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Is It the End of Abundance in Tech?

After 15 years working on SQL Server and believing the world revolved around databases, I came to SolarWinds where I could learn more about operational technology and its role in full-stack observability. I've had fun watching these two industries collide, delivering on the promise of better value for businesses.

I recently read “End of Abundance in Tech” by Ben DeBow, and it encouraged me to think about what the next big market shift will mean for my industry. Because what the cloud promised us 10 years ago - the idea of never-ending scale and compute - may be ending. That has a huge impact on how we build and support technology today.

The end is nigh: Scaling on the cloud

We build applications in the cloud because we've been sold this idea of infinite scale. You build and deliver an application to the business, and it’s reasonable for workloads to multiply and the data supporting those workloads will balloon. But don’t worry, simply collect all the data, build any application any way you want, and the cloud will support you forever. But the cloud is not infinite, and neither is your technology budget. There will come a time when we simply cannot keep adding more resources because it is either physically impossible or financially impractical to do so.

When businesses commit code for applications, most will never know how many resources the code uses or how much it costs once it's in production. Many developers never know if they’re building code to be called once or 10 million times, nor do they understand the implications of the code on other parts of the technology stack. DevOps and automation processes have given us a starting point to tackle these issues, but it’s still a problem in most organizations. We should be worried about what impact exponential business growth will have on the efficiencies of our systems over a decade or more of use.

How much is this going to cost me? Cost projecting software

When scoping software development projects, your finance leader ultimately wants to know two things: how much the product will cost to build and what is the cost projection of maintenance. Thanks to new frameworks in project management and product development, we're better at predicting sprint lengths and build times, but the maintenance cost projections still seem to be cobbled together with duct tape and guesswork. In the book, DeBow outlines a typical maintenance cost project process:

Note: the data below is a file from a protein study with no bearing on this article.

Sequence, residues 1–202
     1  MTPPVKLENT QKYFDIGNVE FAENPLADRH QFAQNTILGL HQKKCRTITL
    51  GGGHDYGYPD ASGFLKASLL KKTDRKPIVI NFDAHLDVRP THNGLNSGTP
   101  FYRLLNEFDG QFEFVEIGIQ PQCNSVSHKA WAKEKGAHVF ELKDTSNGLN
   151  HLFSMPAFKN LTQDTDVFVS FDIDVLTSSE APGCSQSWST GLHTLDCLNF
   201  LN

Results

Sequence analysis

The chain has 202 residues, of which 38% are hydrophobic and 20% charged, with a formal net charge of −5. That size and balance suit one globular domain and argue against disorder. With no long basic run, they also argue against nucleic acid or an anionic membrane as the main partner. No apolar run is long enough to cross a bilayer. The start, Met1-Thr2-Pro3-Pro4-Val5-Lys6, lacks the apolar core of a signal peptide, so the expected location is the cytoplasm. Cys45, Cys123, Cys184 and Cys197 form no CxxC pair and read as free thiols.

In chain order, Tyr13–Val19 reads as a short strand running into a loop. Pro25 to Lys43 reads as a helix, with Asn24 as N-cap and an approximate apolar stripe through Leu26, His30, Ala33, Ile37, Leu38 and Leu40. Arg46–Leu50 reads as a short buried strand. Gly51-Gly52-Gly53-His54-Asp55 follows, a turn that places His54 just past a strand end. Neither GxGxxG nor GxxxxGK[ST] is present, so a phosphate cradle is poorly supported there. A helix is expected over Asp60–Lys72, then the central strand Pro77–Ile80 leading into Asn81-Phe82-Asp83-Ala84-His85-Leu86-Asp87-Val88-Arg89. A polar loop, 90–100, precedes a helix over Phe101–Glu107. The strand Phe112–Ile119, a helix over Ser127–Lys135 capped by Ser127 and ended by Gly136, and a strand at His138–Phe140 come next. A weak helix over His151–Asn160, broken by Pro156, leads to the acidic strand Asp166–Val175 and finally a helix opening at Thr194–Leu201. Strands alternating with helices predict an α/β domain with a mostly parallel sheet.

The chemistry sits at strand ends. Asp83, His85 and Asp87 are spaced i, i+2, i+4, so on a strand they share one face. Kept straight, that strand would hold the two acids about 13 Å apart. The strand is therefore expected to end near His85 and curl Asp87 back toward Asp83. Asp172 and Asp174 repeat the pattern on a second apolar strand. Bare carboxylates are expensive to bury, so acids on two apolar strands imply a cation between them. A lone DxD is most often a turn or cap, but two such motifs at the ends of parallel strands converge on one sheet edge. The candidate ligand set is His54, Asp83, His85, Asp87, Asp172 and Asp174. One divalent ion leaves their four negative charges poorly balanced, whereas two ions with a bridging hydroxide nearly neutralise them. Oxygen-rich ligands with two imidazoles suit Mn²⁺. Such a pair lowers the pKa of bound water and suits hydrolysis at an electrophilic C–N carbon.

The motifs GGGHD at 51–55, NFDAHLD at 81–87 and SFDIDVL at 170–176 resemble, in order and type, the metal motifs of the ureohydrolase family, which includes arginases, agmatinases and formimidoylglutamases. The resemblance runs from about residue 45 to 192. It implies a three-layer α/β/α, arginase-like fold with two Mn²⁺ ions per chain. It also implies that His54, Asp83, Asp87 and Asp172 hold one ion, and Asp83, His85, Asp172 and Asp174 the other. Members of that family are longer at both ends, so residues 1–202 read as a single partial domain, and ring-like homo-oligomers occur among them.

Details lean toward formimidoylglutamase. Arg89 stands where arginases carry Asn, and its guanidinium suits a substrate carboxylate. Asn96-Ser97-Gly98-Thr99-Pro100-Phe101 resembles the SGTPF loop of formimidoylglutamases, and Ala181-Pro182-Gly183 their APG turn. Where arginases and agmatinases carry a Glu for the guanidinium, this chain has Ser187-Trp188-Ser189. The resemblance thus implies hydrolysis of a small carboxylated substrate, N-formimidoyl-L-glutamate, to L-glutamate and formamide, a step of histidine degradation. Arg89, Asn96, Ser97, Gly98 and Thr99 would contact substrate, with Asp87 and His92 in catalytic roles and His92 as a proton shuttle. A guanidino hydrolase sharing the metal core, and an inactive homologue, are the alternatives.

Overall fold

"The answer it seems is to first ask your director of technology (about maintenance costs) who in-turn asks the managers of the application team or the data team. They then ask the subject matter experts (SMEs) who examine their respective servers. They pull data from their SME tool and identify areas of concern through busy, color-coded dashboards that simply infer that capacity. Then everyone runs that information up the chain of command."

This doesn't surprise me. I know database technologists struggle with capacity planning and performance predictions, so why would software development be any different? The challenge is: cloud computing is expensive and maintaining poorly written applications is a losing strategy.

Code efficiency and observability

Is the solution to the tech abundance problem as simple as having the right data and insights ready for business decision-makers when they need it?

This is where the future of observability can play a key role in adding context and meaning to reporting data. We must move from prescriptive dashboards to contextual reporting. And we must go beyond the question of ‘are we meeting performance goals?’, to ‘how efficient are we as we’re working toward those goals?’ It’s exciting to think our tools will bring context to the overall health of technology systems and advise on how to make those systems more efficient and functional.

Interested in the future of observability? You can join us in THWACK to read more about what our team thinks about the future of the industry. Want to read the “End of Abundance in Tech?” Find it on Amazon.
Blythe Morrow
Blythe works as the head of product marketing for database at SolarWinds. She started 15 years ago as the Community Manager for the SQL Server…
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